Pyoderma gangrenosum is a rare but serious ulcerative skin disorder afflicting both adults and children. Her precise incidence is difficult to ascertain. At the Mayo clinic, 180 cases were diagnosed in 53 years and 4% of these were aged under 15 years [2] [3]. The aetiology and pathogenesis is poorly understood, but it is thought to arise because of an underlying immune dysregulation. The diagnosis is often delayed and only considered after eliminating other processes that may cause cutaneous ulcers and is only supported by histopathology. Criteria for diagnostic had been proposed for PG [4]. Our patient fulfills these criteria. The differential diagnosis of ulcerative cutaneous lesions include infectious disease, malignancy, vasculitis, insect bites, venous or arterial insufficiency (including antiphospholipid antibody associated occlusive disease), and factitious (self-inflicted) ulcerations [5]. There are five clinical variants of PG: ulcerative/classical, bullous, pustular, peristomal, and vegetative [6]. Bullous pyoderma gangrenosum is a superficial variant that affects the upper limbs and face more than the lower limbs. It has been reported with haematological disease, such as preleukaemic conditions (i.e. myeloid metaplasia) and acute myelogenous leukaemia [7] [8]. The distribution of lesions is similar to that in adults, often involving the lower extremities, but PG of the head and face appears to be more common in children [9] [10]. Most patients with PG have multiple lesions, as in our patient, although the exact etiology and pathogenesis are poorly understood. Approximately 50% of patients with PG have an associated systemic disease. These diseases may precede, occur simultaneously, or follow [10] [11], as in our patient. In children, it usually occurs in association with inflammatory bowel disease, immunodeficiency, immunosuppression, and HIV infection [8]. Maldonado et al. first reported the occurrence of PG with leukemia [12]. Leukemia is the most frequently associated malignancy, with acute myeloid leukemia being the most common form [13]. PG in lymphoid leukemia is rare. Our patient had this rare association. In such cases, the child commonly presents with general status alteration with hepatosplenomegaly and palpable lymph nodes on physical examination, a complete blood count, lood smear, and bone marrow aspiration are to be done. No specific therapy is universally effective for patients with PG. Effective control of the underlying disease may be linked to a control of the cutaneous process as well [14]. The most frequently prescribed treatment for children is, topical therapy and systemic corticosteroids, which generally are very effective [6]. Our child responded to oral prednisolone. Other agents used are immunosuppressive agents such as cyclosporine, tumor necrosis factor-alpha blockers such as infliximab, adalimumab, and biologics such as efalizumab and alefacept [6] [14]. In patients without an identifiable associated disease, it is still possible for it to appear later; hence follow-up and evaluation are required even after the skin lesions have healed [15].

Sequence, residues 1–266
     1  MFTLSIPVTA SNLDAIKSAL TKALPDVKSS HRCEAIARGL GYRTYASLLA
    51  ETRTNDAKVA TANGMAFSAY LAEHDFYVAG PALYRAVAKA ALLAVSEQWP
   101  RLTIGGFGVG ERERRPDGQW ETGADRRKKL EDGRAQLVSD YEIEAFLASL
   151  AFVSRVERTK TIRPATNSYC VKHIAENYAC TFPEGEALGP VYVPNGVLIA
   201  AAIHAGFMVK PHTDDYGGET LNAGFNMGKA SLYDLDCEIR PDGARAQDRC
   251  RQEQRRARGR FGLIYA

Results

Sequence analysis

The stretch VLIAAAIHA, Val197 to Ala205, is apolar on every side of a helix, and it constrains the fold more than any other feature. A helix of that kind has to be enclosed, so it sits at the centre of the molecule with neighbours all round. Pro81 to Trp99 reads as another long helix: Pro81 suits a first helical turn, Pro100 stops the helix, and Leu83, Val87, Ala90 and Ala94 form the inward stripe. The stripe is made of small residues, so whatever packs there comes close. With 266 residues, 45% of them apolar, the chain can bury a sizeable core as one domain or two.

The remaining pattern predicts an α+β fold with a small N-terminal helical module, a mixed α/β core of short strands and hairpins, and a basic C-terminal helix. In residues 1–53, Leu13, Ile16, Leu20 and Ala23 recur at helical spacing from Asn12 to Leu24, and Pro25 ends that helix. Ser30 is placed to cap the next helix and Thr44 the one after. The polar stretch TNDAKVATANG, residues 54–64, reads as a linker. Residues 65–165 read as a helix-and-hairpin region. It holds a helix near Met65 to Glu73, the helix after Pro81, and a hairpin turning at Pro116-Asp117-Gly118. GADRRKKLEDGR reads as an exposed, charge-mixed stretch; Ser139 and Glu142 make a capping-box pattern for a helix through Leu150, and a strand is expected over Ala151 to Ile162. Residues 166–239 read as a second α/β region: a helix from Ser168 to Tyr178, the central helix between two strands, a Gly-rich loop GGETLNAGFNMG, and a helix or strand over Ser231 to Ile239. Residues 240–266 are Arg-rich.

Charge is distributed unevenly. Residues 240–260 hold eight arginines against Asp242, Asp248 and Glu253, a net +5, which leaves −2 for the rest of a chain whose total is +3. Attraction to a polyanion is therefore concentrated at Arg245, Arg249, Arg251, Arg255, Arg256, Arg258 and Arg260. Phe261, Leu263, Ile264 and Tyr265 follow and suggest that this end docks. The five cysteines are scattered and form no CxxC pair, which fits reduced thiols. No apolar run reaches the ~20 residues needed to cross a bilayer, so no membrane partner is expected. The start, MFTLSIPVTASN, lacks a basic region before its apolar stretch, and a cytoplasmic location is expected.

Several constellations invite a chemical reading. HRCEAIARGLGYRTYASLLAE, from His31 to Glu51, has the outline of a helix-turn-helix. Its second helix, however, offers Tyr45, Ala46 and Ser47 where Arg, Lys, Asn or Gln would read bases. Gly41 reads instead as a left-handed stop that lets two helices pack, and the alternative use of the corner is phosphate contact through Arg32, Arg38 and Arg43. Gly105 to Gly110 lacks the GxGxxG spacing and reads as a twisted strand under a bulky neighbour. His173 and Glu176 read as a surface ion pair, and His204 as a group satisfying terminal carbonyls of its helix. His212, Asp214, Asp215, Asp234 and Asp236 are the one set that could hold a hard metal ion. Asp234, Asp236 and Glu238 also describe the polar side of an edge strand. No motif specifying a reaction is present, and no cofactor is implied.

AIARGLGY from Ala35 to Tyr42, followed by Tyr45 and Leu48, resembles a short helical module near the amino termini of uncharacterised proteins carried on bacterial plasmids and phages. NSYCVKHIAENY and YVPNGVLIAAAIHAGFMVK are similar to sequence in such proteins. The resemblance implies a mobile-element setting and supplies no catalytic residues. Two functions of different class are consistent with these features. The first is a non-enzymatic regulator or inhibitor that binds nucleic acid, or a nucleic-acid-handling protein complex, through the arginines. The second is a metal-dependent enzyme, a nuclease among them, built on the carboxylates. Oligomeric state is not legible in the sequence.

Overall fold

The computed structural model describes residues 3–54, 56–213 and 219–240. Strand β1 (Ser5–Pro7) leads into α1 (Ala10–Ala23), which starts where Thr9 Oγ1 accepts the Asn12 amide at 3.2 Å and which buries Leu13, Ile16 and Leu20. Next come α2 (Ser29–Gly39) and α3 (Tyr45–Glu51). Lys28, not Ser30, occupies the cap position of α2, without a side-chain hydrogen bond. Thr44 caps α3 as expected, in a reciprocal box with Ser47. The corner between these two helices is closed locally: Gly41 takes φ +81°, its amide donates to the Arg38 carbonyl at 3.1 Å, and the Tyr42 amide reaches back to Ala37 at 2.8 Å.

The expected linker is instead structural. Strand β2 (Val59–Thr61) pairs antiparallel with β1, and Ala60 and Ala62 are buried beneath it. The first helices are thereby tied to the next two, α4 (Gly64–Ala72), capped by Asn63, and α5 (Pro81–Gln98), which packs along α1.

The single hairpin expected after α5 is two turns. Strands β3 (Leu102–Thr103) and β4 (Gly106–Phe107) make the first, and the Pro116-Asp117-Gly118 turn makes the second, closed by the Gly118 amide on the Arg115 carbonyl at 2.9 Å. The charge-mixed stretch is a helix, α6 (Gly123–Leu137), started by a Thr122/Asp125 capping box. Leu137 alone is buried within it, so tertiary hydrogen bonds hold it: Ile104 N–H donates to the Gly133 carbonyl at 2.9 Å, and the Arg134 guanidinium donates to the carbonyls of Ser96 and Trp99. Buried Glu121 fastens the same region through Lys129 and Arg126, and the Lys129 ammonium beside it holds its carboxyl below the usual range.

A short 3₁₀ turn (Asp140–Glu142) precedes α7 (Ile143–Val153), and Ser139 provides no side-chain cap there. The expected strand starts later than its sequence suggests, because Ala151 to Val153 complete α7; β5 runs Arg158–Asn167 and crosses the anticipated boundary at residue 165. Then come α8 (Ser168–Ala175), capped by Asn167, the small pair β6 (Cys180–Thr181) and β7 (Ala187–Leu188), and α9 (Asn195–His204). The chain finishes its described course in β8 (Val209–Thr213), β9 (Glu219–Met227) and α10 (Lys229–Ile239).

4. Conclusion

Pyoderma gangrenosum is often misdiagnosed and mismanaged. Therefore clinicians must have a large index of suspicion, particularly in children with a rapidly progressive or non healing cutaneous ulcer. An exhaustive search should be made for any associated disorder and permanent surveillance will be required. The association with leukemia may be more common than previously thought, and that surveillance of leukemias should be maintained in Atypical cases of PG to enable early diagnosis and appropriate treatment. The present work shows that pyoderma gangrenosum can be an early manifestation of ALL or LBL in childhood.

Conflicts of Interest

The authors declare no conflicts of interest.